Relocating Baab

Winter is coming. They days are getting shorter and slower. The sun used to be up well before our days began. Now we are up before the sun. I am not looking forward to the lessened daylight. Or the colder temperatures. But that’s life on the farm.

Working at Wyebrook has tuned me in to the seasons. Summer was our busiest time and that’s when the days were longest giving us a few extra hours to get everything done. Colder weather means less to do which is good because we don’t have as much time in our days. It’s nice how that works and isn’t something you think about when you work in an office. Winter is naturally designed to be a season of rest, not just for nature, but humans, too. And it is much needed rest if you work in agriculture.

With winter lurking around the corner, we’ve started tackling projects to get the farm ready for its arrival. One of those tasks was repairing and breaking down the broiler houses. Chickens are a seasonal food. You can raise them indoors in the winter, but their flavor isn’t great and it isn’t healthy for the chickens. Raising them on pasture is pointless because there isn’t any grass and they put all of their energy into staying warm which means they really don’t grow.

We are down to 3 broiler houses with chickens in them. After tomorrow’s slaughter, we will be down to two. This morning I emptied the feeders and waterers in the 3 empty houses and drained all the piping to prevent it from freezing and cracking when the temperatures drop. Then Ryan and I set about fixing the holes in all of the houses. The ones created by Baab, the steers and the other sheep, all of whom were jealous of the chickens’ grain and tried to get inside to nab some for themselves.

I needed a small wrench to take the waterers apart. This is what Ryan gave me.

I needed a small wrench to take the waterers apart. This is what Ryan gave me.

How do you repair a hole in stretched plastic? With duct tape, of course! You can fix anything with duct tape and caulk. Ryan even got white duct tape so it would match the rest of the house. We fixed up one side and moved around to the other end of the house when we hear a noise that sounded an awful lot like duct tape tearing. We wandered back to where we’d been working and found Baab happily munching away on wad of duct tape. She’s a smart one, no? We chased her away and finished up the repairs, but she kept trying to come back for more. We needed to get her into a different pasture.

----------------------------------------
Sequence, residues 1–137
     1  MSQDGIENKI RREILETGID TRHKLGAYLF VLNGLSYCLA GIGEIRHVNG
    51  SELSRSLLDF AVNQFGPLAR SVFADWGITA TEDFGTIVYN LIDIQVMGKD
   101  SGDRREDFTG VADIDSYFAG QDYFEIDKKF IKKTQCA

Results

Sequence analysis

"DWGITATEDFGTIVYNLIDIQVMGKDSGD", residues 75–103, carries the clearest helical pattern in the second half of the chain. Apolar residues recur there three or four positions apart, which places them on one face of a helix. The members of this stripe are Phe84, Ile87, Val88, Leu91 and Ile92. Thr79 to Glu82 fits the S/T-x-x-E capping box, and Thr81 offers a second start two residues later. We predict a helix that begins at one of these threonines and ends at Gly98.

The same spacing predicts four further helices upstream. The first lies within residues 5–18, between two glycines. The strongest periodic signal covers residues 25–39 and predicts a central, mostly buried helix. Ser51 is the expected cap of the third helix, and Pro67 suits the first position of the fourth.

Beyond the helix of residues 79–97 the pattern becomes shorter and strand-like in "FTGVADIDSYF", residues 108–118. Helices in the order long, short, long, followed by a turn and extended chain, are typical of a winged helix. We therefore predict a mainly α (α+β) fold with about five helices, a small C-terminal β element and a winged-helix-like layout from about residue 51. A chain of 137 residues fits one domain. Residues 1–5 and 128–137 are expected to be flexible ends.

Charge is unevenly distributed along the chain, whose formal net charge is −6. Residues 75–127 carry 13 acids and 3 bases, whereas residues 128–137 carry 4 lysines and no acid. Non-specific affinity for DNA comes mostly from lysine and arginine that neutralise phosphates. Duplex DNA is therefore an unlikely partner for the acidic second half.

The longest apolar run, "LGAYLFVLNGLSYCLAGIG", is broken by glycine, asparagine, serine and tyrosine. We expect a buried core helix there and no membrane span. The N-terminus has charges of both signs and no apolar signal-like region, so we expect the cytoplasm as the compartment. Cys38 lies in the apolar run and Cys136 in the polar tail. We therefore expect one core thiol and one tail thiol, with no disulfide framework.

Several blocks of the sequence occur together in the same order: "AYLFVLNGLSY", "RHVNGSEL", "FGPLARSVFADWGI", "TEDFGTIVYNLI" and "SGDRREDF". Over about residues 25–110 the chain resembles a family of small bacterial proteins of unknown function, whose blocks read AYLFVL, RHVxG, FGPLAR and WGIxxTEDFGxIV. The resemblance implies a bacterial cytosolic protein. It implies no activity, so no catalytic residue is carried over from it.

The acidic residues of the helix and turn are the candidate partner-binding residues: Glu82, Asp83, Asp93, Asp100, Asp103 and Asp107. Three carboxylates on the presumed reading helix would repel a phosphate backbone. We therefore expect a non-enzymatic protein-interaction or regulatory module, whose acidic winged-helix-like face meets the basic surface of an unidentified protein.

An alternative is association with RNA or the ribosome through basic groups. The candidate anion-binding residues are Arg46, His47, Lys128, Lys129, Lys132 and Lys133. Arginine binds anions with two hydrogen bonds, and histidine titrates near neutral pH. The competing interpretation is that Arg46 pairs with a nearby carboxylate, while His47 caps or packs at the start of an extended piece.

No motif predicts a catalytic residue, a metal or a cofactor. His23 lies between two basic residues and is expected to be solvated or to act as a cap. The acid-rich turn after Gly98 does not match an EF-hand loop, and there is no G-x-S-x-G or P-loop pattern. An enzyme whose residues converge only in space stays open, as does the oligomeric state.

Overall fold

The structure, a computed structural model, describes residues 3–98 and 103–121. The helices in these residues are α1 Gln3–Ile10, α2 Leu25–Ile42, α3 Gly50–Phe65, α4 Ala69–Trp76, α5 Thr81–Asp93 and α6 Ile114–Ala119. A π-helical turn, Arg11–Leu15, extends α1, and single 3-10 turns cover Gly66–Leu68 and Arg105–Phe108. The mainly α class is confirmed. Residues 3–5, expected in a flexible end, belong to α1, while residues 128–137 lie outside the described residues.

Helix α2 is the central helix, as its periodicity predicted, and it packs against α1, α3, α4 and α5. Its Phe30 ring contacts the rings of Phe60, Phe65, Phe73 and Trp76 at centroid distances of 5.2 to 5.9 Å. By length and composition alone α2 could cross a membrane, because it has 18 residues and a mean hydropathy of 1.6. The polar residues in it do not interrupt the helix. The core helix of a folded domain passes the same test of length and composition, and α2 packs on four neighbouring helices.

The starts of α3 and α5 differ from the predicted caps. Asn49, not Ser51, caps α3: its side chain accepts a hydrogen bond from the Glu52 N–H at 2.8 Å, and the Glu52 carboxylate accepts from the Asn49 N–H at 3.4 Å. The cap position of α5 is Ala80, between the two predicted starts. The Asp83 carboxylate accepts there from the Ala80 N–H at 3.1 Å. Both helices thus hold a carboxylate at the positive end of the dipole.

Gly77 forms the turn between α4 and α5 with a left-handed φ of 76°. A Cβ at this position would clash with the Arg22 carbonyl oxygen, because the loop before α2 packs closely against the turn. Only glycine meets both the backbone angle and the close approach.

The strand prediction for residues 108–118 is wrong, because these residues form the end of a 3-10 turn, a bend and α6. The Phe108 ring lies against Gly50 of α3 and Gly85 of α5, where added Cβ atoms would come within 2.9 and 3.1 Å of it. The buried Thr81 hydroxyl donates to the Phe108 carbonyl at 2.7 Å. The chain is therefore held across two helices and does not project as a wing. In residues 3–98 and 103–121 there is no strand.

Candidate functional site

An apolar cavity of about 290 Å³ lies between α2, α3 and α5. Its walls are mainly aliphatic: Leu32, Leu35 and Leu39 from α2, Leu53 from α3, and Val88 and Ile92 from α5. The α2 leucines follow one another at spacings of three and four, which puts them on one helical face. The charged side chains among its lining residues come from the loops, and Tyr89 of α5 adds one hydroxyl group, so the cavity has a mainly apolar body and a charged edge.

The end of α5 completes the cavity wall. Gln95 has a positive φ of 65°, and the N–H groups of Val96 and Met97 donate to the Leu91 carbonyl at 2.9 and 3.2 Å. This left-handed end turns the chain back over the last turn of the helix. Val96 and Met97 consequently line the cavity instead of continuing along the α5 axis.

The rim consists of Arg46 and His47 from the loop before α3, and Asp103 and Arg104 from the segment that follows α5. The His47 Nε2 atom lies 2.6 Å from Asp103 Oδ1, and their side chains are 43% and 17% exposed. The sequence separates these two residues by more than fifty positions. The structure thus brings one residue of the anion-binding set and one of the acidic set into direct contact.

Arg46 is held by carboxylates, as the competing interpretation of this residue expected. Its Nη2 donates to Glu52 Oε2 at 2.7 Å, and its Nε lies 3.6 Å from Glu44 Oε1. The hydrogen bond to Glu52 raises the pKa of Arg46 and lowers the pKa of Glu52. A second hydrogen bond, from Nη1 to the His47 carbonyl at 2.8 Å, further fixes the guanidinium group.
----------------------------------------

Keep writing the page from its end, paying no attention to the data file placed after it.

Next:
Baab isn’t sure about Ryan, but loves me. Ryan stayed back a bit while I got her to come to me. Then we grabbed her and carried her over to the fence where we forced her underneath (no one got shocked!) into the adjacent pasture. For good measure, we chased the rest of the sheep down with her so she’d have some company.

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Ryan is not Baab’s biggest fan

Around 3:30 I went up to feed the broilers their dinner and poor Baab was standing there at the fence, bleating forlornly at her chicken friends. It was really very pathetic.

Would you like to help make Baab feel better? I entered a photo of her in a pet photo contest and need you to go vote for her! I just found out about the contest which opened October 1st so we are a bit late and very far behind on votes. You can vote once a day between now and October 31st. Please vote and ask your friends to do the same! I know she’d feel better if she won πŸ™‚ Go to this website to vote. The easiest way to find her picture is to arrange the photos alphabetically using the drop down menu in the upper right corner. This is the photo you are looking for (though I’m fairly certain she’s the only sheep):

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Well, what are you waiting for? Go vote!

3 thoughts on “Relocating Baab

  1. P.S. Picturing you two carrying Baab is quite comical. πŸ™‚
    Also, I hadn’t thought about how hours of daylight correspond to growing/resting seasons or how chickens are seasonal. Interesting.

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